1. Holy & Healing Wells

© R.B. Parish, The Northern Antiquarian


Ragged Spring

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Ragged Spring 53.569867, -0.190275 Ragged Spring

Vauxhall Well, Lambeth, London, Surrey

Healing Well (destroyed):  OS Grid Reference — TQ 3006 7734

Archaeology & History

Position of Vauxhall Well on 1824 map

In Thomas Allen’s (1827) huge survey of Lambeth parish, he told that there was little of any interest along Wandsworth Road, apart from a good orchard, “and a fine spring called Vauxhall Well.”  According to Daniel Lysons (1792), it was located “not far from the turnpike”; and according to Mr Sunderland’s (1915), was to be found “on the right-hand side of the Wandsworth Road” as you walked down it to the south.  Thankfully its position was highlighted on the 1824 map of the parish (right) that accompanied Mr Allen’s work.

It appears to have been built over in the latter-half of the 19th century, soon after William Thornbury (1878) wrote that he thought the well was still visible, but vanished soon after.

The waters were universally ascribed by all historians, from Mr Allen onwards, as being,

“esteemed highly serviceable in many disorders of the eyes, and in the hardest winter it is never known to freeze.”

The name ‘Vauxhall’ derives from that brilliantly famous family name of ‘Fawkes’ (as in Guy Fawkes), being the ‘hall of Fawkes’.  The name was first recorded here as early as 1241. (Gover et al, 1934)

References:

  1. Allen, Thomas, The History and Antiquities of the Parish of Lambeth, J. Allen: London 1827.
  2. Foord, Alfred Stanley, Springs, Streams and Spas of London: History and Association, T. Fisher Unwin: London 1910.
  3. Gover, J.E.B., Mawer, A. & Stenton, F.M., The Place-Names of Surrey, Cambridge University Press 1934.
  4. Lysons, Daniel, The Environs of London – volume 1,  T. Cadell & W. Davies: London 1792.
  5. Sunderland, Septimus, Old London Spas, Baths and Wells, John Bale: London 1915.
  6. Thornbury, William, History of Old and New London – volume 6, Cassell, Petter & Galpin: London 1878.

© Paul BennettThe Northern Antiquarian 

Vauxhall Well

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Vauxhall Well 51.480198, -0.128334 Vauxhall Well

Robin Hood’s Well, Higham, Lancashire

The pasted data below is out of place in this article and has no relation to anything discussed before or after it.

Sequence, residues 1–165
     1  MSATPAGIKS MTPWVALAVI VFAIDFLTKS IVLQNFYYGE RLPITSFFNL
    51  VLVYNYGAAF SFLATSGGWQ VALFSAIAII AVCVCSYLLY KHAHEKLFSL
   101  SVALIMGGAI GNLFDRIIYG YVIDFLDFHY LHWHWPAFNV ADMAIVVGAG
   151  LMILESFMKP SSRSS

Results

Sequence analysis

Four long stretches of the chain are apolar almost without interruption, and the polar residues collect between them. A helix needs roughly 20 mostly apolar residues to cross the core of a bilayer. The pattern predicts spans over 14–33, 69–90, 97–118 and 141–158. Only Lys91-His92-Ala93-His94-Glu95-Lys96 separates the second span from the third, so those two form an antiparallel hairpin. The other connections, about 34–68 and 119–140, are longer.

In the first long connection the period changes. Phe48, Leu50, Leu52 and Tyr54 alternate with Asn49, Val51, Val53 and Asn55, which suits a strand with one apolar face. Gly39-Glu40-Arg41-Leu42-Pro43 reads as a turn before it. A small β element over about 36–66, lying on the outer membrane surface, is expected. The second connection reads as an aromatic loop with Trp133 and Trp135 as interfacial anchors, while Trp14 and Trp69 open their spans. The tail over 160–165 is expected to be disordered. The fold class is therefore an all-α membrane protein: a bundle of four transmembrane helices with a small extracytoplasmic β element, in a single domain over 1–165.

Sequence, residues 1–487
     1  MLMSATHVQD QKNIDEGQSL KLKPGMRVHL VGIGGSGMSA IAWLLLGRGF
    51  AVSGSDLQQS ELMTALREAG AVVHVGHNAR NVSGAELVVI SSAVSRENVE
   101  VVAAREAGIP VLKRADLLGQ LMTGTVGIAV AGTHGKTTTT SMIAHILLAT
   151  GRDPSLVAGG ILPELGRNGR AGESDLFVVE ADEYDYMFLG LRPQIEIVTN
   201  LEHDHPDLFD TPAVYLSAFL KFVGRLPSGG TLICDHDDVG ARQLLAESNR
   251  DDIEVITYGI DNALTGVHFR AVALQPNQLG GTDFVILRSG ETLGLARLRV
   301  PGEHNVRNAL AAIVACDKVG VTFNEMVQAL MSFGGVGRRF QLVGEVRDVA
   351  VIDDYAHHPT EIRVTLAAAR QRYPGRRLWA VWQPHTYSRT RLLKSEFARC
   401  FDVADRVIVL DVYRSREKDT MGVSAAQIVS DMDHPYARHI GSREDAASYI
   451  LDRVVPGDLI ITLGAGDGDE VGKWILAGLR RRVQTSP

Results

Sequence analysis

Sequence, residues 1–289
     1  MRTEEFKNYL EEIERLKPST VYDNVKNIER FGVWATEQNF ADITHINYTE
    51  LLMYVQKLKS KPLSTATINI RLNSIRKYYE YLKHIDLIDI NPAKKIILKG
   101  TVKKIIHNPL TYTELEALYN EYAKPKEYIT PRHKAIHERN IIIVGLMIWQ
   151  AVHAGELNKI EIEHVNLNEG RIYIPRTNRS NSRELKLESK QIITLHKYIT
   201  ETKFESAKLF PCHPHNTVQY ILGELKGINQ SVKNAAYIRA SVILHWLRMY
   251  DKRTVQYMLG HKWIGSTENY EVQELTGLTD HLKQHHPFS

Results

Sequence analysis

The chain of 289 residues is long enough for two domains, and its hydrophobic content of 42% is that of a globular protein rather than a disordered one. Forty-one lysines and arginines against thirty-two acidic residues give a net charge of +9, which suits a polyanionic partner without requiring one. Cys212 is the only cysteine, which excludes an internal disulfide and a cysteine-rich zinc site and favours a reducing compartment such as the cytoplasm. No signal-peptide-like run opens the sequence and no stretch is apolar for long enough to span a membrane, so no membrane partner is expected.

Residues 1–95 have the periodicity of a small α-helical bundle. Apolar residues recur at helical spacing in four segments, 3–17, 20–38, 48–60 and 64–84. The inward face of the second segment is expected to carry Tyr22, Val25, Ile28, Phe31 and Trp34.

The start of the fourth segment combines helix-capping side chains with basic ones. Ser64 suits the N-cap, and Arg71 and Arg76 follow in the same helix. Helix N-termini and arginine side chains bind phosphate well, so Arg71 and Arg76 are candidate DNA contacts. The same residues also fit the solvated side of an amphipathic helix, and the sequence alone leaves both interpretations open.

Sacred Well: OS Grid Reference – SD 81755 35151

Archaeology & History

Robin Hoods Well on 1848 map

On the north-side of the River Calder, a short distance above the riverbank below Pendle Hall—as shown on the earliest OS-map of the area, but without a name—the local history writer, Joe Bates (1926), told us about this “spring of icy cold water”, which, in bygone years, “used to be called Robin Hood’s Well.”  (Having moved out of the area, I’m not able to say whether this site is still visible.  Can any local folk illuminate us on the matter?)

Folklore

Like many other sacred and healing wells across Britain, Bates (1926) said that the waters from Robin Hood’s Well,

“was at one time considered a specific for certain ailments of the eyes.”

References:

  1. Bates, Joe, Rambles twixt Pendle and Holme, Nelson 1926.

© Paul Bennett, The Northern Antiquarian

Robin Hood's Well

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Robin Hood\'s Well 53.812333, -2.278560 Robin Hood\'s Well

St. Canna’s Stone, Llangan, Carmarthenshire

Legendary Rock:  OS Grid Reference – SN 1770 1874

Also Known as:

  1. Chair of St. Canna
  2. St Canna’s Chair

Archaeology & History

St. Canna’s Chair Stone

This once important healing stone that was moved a short distance (from grid reference SN 1775 1875 to SN 1770 1874 according to officials) to its present spot, around 1925, whilst having a long history according to the folk traditions of Carmarthenshire, was previously questioned as an authentic site by none other than Prof John Rhys (1875), following his visit to the site in the 1870s.  Although Rhys seemed an isolated voice, some modern archaeologists have also questioned its veracity.  It’s difficult to say precisely what the original nature of the stone may have been, but it was certainly accommodated in medieval times as a healing stone and used in conjunction with a pagan well – which was of course, accommodated by the Church.  If the stone itself had a megalithic pedigree, as some have believed, we know not what it may have been…